UFC 100 Primer: Lesnar-Mir Red Ink

By Jake Rossen Jul 11, 2009
Googling “Lesnar Mir” produces about 3.5 million results; entering “St. Pierre Alves” clocks about 10 percent of that.

As scientific study, it’s a pretty shaky premise. As a snapshot of the mass interest in UFC 100’s two title fights, it may be on to something. Brock Lesnar is everything the UFC has ever hoped for in a competitor: a man built like a side-by-side refrigerator, arrogant, temperamental and with an existing, powerful brand dragged from another industry. He may be the single biggest box office draw the company has right now. And he can actually fight.

Things did not look so promising during his UFC debut in February of 2008: Against Frank Mir, he showed a rookie’s mentality for being too aggressive and sloppy. Facing someone equally green would’ve been forgiving; facing the experience of the accelerating Mir -- finally back in form after a 2004 motorcycle accident -- meant he got his foot nearly torn off. (There is debate that, had referee Steve Mazzagatti not interrupted the action to caution Lesnar about punches to the back of the head, he would’ve overwhelmed Mir. But the same excitability that prompted the illegal shots prompted the slow counter that ended the fight. Mazzagatti did not cost Lesnar the victory: Lesnar cost himself.)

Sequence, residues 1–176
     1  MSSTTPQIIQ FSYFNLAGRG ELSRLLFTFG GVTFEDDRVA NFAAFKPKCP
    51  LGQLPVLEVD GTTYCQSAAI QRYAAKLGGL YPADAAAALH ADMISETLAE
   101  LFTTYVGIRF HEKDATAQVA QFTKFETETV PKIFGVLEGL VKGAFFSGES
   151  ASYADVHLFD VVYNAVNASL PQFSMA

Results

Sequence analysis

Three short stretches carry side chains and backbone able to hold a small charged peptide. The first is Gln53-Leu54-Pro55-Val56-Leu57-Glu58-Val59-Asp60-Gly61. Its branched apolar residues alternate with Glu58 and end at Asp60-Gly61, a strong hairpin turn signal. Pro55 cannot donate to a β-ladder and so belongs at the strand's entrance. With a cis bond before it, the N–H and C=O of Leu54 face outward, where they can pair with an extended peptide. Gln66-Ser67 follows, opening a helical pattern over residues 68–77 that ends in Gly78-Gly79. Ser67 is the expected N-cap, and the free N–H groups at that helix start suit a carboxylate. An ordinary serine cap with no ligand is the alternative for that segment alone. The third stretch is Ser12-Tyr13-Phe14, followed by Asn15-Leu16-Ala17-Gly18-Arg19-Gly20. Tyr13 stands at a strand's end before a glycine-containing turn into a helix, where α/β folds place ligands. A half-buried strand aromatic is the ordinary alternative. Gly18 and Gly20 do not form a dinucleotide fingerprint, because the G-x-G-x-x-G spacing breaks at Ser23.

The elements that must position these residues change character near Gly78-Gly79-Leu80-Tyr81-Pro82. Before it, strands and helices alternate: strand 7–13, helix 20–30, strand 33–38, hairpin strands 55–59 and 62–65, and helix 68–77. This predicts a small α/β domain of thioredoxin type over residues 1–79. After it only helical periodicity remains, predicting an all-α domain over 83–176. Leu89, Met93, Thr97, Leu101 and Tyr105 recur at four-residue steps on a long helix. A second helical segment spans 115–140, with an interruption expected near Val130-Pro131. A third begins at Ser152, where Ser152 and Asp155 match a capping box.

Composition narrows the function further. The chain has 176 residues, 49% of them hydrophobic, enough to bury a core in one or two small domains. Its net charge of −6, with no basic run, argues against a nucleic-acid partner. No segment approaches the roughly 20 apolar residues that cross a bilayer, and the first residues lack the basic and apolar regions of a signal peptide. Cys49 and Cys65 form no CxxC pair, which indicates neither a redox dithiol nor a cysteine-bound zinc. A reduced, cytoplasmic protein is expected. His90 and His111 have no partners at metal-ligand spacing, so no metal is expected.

If Brock Lesnar is not the most skilled heavyweight, he is easily the most athletic. Whether that will be enough to overcome Mir’s technical ability is why we’ll bother watching.

Striking: Mir has evolved over the years from a reluctant and clumsy striker to someone who now appears indifferent to where the fight takes place: He battered Antonio Rodrigo Nogueira by barely going horizontal. Lesnar has nowhere near that ability -- and it’ll take him years more to even have a chance -- but his surprising reach (and unsurprising power) complicates things significantly.

Canvas: Lesnar’s instinct is to take the fight to the mat -- exactly where Mir has the best chance of ending the night early. Lesnar may be advised to keep things on the feet, enjoy his reach, pressure Mir in the clinch and then go to work the mat only when both men are slippery enough to make a submission more wishful thinking.

What It Means: Windex for the UFC heavyweight title picture: Both Lesnar and Mir own a piece of it.

Third-Party Investor: Randy Couture, who would do the biggest business out of anyone when it comes to a rematch with Lesnar. (Presuming he can get past Nogueira on Aug. 29.)

Who Wins: Mir. Lesnar will continue to perform well against more plodding heavyweights, but Mir has surprising agility for a man of 250 pounds. Lesnar won’t be able to resist the urge to tackle him early. It’ll be the beginning of his end.
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